boy has this been a lifesaver the last couple of weeks! there has been lots of adventure around here, both scary and exciting, which is why we’ve been pretty quiet for a little while.
back on st. patrick’s day, our little stray pal, cardigan, went missing and didn’t come by for his normal meals—usually we could expect him to show up several times each day to eat and play about the yard.
i got anxious right away and started calling the pound and the humane society on saturday, but neither one reported any sightings. we went down to the pound on monday morning, but no one had seen the dog. when i finally posted the disappearance on the lost and found pets page, i began to get a flurry of messages—”he” was actually a she and had been picked up by the pound early on the morning of the 17th. she was even able to have a visit with her natural dad, herman, because someone who works at the pound had adopted him last summer (herman is on the right below, cardigan on the left).
apparently they had both come to the pound last august with a pack of feral dogs that was rounded up in a nearby town. she was spayed, microchipped, and vaccinated, then quickly adopted out, but herman has some socialization issues and did not get lucky until melody decided to take him home.
when they called cardigan’s owner on st. patrick’s day, she said the dog had been gone for three and a half months and she didn’t want her back; maybe she was not prepared for the challenges of working with feral dog. so with that clearance, cardigan ended up getting adopted out within a few hours. RUH-roh.
her new family brought her home to a rural town about twenty miles away and she seems fine in the house for a few hours, but when they tried to put her in a truck to go to the vet, she ran under the truck, started squirming like crazy, and slipped out of her collar to run away. oh no!—now she was lost in a place where she didn’t know anyone or have a familiar environment at all.
see? as far from our neighborhood streets as a place can be!
i found all of this out on monday and i felt just awful—we knew she was super skittish; that’s one reason we hadn’t gotten hold of her ourselves in all the time she was here. and then, we were doing so well at making friends and luring her toward the house—she was within a few feet of me several times, taking food. now she was lost, scared, and on the run again. i won’t kid you—i sobbed my eyes out to david over that; i was distraught for her safety and also because i wasn’t sure we would see her again.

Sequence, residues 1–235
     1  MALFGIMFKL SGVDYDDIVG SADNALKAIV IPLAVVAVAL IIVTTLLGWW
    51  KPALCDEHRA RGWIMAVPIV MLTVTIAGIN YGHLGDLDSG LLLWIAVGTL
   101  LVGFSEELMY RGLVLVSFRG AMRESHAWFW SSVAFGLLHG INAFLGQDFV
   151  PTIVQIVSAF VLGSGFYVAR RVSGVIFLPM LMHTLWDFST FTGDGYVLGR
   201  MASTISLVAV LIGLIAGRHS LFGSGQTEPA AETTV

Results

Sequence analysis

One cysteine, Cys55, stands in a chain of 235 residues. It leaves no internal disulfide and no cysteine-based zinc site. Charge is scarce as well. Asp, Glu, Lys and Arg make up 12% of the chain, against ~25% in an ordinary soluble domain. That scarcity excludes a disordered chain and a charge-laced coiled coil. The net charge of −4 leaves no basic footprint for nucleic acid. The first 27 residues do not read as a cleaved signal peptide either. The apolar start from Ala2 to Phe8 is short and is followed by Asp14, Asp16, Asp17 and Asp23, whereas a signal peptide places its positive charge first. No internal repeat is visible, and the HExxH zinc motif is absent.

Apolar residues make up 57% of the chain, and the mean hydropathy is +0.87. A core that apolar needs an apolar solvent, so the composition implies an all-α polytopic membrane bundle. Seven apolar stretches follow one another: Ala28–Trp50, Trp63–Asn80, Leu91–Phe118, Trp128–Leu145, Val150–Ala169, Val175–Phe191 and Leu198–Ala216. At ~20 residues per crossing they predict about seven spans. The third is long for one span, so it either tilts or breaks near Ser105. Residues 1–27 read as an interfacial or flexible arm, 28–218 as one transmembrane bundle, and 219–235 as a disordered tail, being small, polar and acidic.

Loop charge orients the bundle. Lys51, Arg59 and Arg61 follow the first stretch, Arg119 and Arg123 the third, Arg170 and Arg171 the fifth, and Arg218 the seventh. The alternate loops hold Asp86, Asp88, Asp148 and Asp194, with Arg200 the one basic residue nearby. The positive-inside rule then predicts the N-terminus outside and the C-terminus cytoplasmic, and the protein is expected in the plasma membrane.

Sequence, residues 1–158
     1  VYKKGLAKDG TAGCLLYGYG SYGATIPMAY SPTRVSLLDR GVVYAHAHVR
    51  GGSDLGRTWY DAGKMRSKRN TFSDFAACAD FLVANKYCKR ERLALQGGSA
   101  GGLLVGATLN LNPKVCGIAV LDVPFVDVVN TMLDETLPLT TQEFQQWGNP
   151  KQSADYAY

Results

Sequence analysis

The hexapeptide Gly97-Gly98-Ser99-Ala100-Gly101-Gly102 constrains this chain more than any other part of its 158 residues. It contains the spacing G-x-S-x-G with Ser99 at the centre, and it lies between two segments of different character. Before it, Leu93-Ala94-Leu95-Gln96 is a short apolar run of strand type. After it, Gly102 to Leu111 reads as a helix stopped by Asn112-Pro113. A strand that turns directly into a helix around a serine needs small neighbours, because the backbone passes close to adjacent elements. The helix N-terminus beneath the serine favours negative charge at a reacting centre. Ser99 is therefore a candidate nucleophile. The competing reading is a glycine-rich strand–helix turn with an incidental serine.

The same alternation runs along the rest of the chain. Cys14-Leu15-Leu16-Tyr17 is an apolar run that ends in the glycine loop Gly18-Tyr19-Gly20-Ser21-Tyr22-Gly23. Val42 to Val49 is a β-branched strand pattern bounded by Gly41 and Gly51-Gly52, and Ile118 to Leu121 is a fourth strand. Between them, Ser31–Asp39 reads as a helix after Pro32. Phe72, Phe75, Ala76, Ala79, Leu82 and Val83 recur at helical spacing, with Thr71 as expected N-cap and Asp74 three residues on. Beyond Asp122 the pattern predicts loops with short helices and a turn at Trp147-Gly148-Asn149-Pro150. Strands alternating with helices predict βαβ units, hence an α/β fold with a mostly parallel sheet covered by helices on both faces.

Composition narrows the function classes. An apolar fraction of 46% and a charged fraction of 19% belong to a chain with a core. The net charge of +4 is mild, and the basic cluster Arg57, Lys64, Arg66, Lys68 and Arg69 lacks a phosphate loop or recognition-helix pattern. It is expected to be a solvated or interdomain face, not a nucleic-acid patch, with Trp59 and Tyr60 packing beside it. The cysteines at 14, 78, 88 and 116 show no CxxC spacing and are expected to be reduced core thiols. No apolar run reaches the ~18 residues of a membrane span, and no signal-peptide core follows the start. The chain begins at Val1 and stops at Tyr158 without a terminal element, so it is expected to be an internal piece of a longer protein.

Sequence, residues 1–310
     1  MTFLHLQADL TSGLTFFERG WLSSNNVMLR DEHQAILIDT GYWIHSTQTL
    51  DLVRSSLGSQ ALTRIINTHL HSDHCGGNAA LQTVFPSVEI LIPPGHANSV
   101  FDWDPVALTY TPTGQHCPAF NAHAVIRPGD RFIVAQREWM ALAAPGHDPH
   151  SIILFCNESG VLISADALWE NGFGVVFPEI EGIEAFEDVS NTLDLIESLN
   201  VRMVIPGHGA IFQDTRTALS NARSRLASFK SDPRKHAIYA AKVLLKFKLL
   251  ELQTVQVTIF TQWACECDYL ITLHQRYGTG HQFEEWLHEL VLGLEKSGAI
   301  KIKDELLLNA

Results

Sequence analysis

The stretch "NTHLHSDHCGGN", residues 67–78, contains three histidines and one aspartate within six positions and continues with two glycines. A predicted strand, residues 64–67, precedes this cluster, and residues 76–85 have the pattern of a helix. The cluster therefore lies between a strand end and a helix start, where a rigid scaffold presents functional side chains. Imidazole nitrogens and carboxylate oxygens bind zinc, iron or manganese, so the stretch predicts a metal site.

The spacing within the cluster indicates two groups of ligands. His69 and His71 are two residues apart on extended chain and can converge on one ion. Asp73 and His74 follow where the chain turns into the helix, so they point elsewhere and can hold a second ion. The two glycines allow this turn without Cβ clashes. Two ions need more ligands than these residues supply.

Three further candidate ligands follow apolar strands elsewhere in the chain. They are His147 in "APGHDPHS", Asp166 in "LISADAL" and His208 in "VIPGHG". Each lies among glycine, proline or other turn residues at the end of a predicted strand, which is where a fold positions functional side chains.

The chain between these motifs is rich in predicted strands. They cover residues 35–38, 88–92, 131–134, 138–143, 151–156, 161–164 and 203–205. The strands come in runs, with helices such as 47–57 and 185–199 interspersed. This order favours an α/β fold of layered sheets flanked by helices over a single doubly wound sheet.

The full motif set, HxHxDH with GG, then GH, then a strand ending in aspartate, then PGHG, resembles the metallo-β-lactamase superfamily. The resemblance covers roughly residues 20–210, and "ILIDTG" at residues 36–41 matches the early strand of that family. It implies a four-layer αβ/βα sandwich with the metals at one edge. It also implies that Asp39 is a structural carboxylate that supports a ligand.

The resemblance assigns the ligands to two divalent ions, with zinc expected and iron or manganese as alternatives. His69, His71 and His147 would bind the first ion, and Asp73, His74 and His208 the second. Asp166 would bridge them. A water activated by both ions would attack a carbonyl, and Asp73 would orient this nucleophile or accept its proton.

i offered to help find her in any way i could and we kept in contact with the new owner; over the next day or so however, it became clear that the search wasn’t going well. we got to know the new owner, kathy a bit and after spending time working with us, she decided that if we could recover the dog, cardigan should come home with us. i really appreciated her understanding and empathy over this; she was awesome.
thankfully, the town where cardigan was lost has a very active Facebook community; everyone pitched in to keep an eye out and post sightings as soon as they happened. we went up there every evening (which is a dog’s time to roam) to follow the clues and get a sense of where she might be bedding down and getting food.
during the days when she was laying low and there wasn’t any point in searching, i could hardly focus on desk work, between worrying and keeping track of messages. i did however use the time to knit on my secret club projects for the month and make way on my second birches sample in cabècou sport.
i don’t have to tell you how soothing and comforting it is to knit when you have things on your mind. and it made me feel productive, instead of useless. i finished up the second sleeve and began the left front, which has that gorgeous cabled panel. this version will be nice and light and cozy-warm, a little fuzzy. i am constantly admiring the golden patina that is more apparent in this batch of the sel gris shade—the tussah silk used in this batch is a deeper honey color than in previous runs.
to ratchet up the odds of finding our little friend, i contacted a wonderful rescue expert named ramona, of jj’s ruff roads, who lives near us and specializes in recovering lost dogs to their owners. she was available to get involved and we started meeting to work on the case together (by now cardigan had been gone for five or six days).
working with ramona was fascinating. first, we just tried to figure out where she might be, based on the habits of most dogs who run. we looked for paw prints in places that were near the sightings—ramona was able to guess by her known weight which prints might be hers—then placed food bowls in likely places near those tracks, with a trail cam nearby. if she came along in the night and ate from the bowl, we’d see it on the cam.
once we could establish a food source she was using, we could set up a trap nearby. now, i know that sounds bad, but ramona (and my friend kade, a kitty rescuer) assured me it was better than being out in a dangerous place, where she could get hit by a car or attacked by coyotes. believe me, i was kicking myself for not trying this earlier when she was safe at our house; i just didn’t know where to turn for that help.